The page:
Wednesday, April 22, 2015

To Thine Own Self Be True

On every AA chip is inscribed this motto:

"To thine own self be true."

In 12 and a half years of attending meetings, I never once heard this as the topic. That always struck me as strange. Or perhaps the reverse is true: what's really peculiar is that the saying found its way into the program at all.

The rest of the program is decidedly hostile to the self. "Relieve me of the bondage of self," says the third step prayer. "Selfishness - self-centeredness! That, we think, is the root of our troubles," says the Big Book on page 62. Again on page 62, "...the alcoholic is an extreme example of self-will run riot..."

What could reconcile this seeming contradiction is more precise language, language that I have never encountered in the literature and only seldom in meetings. We must distinguish between the lower self, the addict self that brought us into the program to begin with, and the Higher Self, the manifestation of God within us.

Those of us who have struggled with addiction become painfully familiar with our lower selves. They get us loaded, make us act out shamefully, alienate friends and family, hurt our kids, lose our jobs, wind us up in hospital or jail. They demand more booze, more dope, more food, more sex, more attention, more glory, more possessions, more sympathy, more satisfaction. There is not enough of these things to satisfy them, ever. They transform us from balanced human beings into tyrants and gluttons and pariahs. Eventually they kill us.

The Higher Self is something different entirely. Before I drank ayahuasca, my awareness of mine was limited. I could gain access to him through prayer and meditation, playing music, connecting with loved ones, working the steps. But the connection was shaky and tenuous; the instructions I received were often unclear.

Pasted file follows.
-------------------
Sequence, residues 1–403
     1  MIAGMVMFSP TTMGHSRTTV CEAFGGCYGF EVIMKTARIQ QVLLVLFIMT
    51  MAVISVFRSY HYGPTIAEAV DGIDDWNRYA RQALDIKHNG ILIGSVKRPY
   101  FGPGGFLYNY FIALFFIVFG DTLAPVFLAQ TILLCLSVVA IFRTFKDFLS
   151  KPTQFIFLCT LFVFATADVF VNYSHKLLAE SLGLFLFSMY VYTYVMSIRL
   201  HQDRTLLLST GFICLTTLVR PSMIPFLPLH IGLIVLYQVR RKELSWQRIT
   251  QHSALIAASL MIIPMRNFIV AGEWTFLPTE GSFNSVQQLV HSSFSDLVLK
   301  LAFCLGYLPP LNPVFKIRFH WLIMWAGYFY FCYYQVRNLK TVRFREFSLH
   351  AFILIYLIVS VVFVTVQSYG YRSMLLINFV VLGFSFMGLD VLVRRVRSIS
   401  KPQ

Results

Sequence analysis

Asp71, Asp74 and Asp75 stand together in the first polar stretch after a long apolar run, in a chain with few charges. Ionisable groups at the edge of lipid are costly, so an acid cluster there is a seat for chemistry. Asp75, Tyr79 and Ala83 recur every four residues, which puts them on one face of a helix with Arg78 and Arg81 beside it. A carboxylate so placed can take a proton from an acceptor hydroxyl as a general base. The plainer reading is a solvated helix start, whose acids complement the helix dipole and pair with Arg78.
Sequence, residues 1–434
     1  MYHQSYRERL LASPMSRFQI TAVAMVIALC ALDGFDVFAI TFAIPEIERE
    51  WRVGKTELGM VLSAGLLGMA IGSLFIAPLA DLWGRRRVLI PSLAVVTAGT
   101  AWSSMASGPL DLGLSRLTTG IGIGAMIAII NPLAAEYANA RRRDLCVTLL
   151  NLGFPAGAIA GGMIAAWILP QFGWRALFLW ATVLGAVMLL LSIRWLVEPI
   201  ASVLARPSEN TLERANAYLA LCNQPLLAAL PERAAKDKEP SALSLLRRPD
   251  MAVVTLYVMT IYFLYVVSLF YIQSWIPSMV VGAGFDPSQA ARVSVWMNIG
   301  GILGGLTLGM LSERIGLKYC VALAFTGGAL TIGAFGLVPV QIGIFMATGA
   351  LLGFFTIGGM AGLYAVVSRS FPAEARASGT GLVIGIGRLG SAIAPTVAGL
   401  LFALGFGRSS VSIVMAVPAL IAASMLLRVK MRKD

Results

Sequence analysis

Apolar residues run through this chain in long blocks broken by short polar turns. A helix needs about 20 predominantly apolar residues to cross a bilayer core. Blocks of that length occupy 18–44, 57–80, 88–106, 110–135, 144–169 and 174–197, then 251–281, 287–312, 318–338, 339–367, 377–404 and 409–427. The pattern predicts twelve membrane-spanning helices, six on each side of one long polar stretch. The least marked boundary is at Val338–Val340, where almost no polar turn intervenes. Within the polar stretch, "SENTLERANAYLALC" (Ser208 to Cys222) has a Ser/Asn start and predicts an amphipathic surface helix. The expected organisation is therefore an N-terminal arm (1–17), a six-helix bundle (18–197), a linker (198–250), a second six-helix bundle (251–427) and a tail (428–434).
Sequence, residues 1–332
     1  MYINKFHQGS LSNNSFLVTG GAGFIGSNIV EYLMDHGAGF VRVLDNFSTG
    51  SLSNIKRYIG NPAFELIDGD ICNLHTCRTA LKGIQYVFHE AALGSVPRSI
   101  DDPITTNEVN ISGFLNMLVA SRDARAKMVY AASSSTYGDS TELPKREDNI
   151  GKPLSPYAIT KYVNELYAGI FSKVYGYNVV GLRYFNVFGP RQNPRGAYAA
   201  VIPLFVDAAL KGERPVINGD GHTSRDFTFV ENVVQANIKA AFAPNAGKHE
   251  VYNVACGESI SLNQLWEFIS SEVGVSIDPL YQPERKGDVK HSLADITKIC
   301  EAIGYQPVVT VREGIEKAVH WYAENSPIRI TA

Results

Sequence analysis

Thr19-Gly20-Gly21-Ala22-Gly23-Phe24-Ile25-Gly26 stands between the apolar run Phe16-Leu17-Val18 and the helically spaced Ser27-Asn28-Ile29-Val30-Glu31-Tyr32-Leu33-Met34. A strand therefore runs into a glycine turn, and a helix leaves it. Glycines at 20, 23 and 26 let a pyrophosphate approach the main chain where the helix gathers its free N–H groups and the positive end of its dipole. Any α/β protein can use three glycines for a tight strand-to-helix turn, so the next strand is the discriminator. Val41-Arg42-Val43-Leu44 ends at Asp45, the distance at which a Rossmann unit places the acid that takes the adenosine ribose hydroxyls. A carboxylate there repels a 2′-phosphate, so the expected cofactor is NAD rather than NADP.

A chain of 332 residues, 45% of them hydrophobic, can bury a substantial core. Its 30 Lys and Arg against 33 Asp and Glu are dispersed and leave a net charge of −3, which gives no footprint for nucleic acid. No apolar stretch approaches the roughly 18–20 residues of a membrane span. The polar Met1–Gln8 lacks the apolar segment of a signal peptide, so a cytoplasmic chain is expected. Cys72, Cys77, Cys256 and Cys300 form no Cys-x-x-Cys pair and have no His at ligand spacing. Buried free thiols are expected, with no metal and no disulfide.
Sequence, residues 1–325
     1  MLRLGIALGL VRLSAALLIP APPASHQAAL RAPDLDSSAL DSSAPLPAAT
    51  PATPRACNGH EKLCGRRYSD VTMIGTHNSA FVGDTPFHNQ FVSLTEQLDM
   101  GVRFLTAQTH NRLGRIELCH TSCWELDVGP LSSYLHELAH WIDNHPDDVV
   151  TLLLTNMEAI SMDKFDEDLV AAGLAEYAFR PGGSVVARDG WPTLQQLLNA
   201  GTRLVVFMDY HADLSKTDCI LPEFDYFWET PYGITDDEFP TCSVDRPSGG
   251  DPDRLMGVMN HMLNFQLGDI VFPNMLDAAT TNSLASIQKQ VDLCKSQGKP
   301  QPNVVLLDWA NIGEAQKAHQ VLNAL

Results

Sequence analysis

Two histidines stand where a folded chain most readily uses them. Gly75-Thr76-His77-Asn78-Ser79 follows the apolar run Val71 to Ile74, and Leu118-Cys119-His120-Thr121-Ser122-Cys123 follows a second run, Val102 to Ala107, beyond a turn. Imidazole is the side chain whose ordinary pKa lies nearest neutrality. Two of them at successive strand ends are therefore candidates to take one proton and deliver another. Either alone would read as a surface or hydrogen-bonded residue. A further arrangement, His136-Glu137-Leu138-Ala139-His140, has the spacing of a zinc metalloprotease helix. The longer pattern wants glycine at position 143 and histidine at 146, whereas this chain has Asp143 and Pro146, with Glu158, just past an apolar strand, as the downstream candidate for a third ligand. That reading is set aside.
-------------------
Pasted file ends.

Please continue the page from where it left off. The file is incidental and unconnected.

That changed when I drank the medicine. In contrast to many people, I do not usually receive visual data from other dimensions. I don't "hallucinate" (I find that word inaccurate, but it's a useful shorthand). Instead, my ayahuasca experiences tend to take the form of conversations with my Higher Self, conversations in which he gives me instruction and I try to take it all in. In my first few experiences with the medicine, this sensation of a dialogue was palpable. I had the feeling of a beam of light running through my body, aligning all the different parts of myself and putting me in touch with the God within, emanating from my crown chakra.

Sometimes his instruction has taken the form of a gentle prodding - a suggestion, a nudge, an intuition - "Have you thought of it this way before?" Sometimes it has felt more like a board across my head - "Quit doing this shit. Now."

Whatever form the instruction has taken, it has never been wrong. Not once. Whether or not I choose to follow it is another matter.

"To mine own self be true."

Not my lower self, my addict self, my broken self. There's not enough booze or dope or porn in the world to glue that guy back together. He was on his last legs before I went down to Peru last May. Ayahuasca has finished the job. She's been like a wrecking ball, obliterating his last vestiges and clearing the way for the full emergence of my Higher Self.

This process is, by turns, agonizing and frightful and glorious. Sometimes it is even serene. It is definitely effective, and it is definitely real. I cannot urge it on anyone; I can only relate my own experience. I hope that is helpful to you.

God bless you, whoever you are.

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